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Freedreno GPU Driver Still Being Actively Developed

Hardware

Published on 05 December 2012 01:23 AM EST
Written by Michael Larabel in Hardware
3 Comments

While there hasn't been much to report on with the open-source Freedreno driver in recent months -- a reverse-engineered attempt at creating a free 3D driver for Qualcomm's Adreno/Snapdragon graphics processor -- it's still being developed with new Git commits continuing to be common.

Freedreno is the open-source graphics driver that Phoronix exclusively announced in April as being the pet project of Rob Clark, the Texas Instruments developer working on the OMAP graphics stack but decided to start reverse-engineering the Qualcomm Linux graphics driver in his spare time. The last news to report on for Freedreno was late October when Rob began eyeing up a Gallium3D driver for Freedreno.

There isn't yet any magical Gallium3D driver for this ARM hardware, but Freedreno is still an active project. There's the Git commit history with the most recent activity being just days old. This month already Rob has committed some fixes, a new 3D test case, support for running with X11/Mesa, and support for GEM buffers. The xf86-video-freedreno DDX driver meanwhile hasn't been touched since late October when it received DRI2 support (its Git repository).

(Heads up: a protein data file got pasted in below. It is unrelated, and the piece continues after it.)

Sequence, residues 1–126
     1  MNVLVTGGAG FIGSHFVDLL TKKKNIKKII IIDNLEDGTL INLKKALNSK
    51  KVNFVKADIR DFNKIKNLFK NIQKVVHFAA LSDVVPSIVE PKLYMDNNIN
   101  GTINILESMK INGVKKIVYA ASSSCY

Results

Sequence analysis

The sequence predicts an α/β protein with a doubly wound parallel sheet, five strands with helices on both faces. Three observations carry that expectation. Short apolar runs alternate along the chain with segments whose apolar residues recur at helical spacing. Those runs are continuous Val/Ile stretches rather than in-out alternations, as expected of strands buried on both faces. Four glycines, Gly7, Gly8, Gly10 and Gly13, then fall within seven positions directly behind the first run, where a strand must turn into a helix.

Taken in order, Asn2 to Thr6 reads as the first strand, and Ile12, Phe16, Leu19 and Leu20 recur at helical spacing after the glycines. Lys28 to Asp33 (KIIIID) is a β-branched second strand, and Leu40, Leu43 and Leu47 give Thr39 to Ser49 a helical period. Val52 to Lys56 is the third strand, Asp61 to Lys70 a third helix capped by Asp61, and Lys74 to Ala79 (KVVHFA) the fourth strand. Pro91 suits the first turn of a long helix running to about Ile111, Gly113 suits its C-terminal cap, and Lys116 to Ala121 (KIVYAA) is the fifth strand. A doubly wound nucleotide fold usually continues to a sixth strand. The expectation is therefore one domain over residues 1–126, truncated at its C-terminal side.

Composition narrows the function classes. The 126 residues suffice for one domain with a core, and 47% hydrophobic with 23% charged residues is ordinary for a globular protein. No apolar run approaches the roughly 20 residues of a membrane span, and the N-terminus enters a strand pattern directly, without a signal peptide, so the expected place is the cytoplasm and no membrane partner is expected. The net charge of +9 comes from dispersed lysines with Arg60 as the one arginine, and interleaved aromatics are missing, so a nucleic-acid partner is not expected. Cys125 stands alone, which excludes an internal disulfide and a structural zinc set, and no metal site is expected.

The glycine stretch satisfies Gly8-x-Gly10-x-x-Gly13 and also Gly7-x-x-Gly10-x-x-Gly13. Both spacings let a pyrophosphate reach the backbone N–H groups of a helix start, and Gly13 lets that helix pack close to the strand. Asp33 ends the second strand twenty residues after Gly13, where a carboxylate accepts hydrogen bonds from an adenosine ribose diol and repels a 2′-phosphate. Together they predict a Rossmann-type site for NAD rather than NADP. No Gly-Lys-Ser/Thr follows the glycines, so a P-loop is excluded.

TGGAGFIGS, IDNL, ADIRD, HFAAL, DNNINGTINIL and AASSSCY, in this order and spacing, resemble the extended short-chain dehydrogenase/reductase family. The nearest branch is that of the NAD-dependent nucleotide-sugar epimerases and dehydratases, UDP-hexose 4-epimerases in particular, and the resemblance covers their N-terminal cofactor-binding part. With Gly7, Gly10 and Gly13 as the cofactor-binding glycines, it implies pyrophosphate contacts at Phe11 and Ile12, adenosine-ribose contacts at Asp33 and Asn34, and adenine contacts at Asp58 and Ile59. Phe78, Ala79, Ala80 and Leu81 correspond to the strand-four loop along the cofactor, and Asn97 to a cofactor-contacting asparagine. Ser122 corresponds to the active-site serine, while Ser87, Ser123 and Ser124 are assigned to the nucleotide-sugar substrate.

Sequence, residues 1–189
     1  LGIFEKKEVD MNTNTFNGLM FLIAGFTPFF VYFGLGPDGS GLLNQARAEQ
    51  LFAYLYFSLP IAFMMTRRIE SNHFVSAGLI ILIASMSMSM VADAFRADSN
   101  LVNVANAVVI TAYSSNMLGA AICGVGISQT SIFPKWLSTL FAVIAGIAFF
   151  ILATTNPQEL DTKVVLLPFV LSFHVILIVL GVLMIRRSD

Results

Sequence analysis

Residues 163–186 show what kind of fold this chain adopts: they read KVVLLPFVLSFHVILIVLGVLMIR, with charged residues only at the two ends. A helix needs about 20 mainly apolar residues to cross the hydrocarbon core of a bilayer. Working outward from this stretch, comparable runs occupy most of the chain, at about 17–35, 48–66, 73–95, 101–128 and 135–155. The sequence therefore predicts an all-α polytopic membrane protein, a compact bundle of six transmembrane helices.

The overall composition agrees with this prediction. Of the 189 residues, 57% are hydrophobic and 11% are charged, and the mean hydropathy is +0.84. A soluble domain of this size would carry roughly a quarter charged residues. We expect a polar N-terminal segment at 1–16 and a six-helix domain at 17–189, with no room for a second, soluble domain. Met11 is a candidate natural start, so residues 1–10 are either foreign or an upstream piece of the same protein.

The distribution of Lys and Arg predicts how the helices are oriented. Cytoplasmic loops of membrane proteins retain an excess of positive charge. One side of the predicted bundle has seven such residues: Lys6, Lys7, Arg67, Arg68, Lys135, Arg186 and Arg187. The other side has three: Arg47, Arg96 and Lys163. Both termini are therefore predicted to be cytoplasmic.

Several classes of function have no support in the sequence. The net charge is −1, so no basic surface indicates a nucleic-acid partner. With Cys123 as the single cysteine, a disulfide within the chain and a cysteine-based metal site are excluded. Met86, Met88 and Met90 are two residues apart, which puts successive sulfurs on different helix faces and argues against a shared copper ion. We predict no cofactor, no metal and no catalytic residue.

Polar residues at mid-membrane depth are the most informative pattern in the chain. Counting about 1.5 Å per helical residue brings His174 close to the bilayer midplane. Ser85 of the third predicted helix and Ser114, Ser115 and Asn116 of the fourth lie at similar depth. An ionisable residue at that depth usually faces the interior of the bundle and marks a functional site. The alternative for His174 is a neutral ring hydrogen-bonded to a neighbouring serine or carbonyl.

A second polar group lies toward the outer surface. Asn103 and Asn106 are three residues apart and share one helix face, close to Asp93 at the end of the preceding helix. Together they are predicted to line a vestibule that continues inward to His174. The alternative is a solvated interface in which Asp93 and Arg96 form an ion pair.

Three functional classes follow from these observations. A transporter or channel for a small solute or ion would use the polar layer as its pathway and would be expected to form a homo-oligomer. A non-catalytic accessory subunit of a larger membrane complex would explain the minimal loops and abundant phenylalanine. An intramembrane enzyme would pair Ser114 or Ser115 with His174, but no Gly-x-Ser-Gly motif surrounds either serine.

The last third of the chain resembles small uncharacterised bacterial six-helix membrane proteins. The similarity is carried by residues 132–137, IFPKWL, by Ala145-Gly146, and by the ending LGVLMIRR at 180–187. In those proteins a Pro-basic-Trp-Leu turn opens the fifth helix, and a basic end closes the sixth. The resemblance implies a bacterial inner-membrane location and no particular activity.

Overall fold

Expect more out of the Freedreno driver in 2013. There's also a Lima (ARM Mali) open-source graphics driver announcement that's imminent. We're also still waiting to see the PowerVR open surprise. For those wanting to become involved with the open-source Freedreno project, visit its GitHub project page.

About The Author
Michael Larabel is the principal author of Phoronix.com and founded the web-site in 2004 with a focus on enriching the Linux hardware experience and being the largest web-site devoted to Linux hardware reviews, particularly for products relevant to Linux gamers and enthusiasts but also commonly reviewing servers/workstations and embedded Linux devices. Michael has written more than 10,000 articles covering the state of Linux hardware support, Linux performance, graphics hardware drivers, and other topics. Michael is also the lead developer of the Phoronix Test Suite, Phoromatic, and OpenBenchmarking.org automated testing software. He can be followed via and or contacted via .
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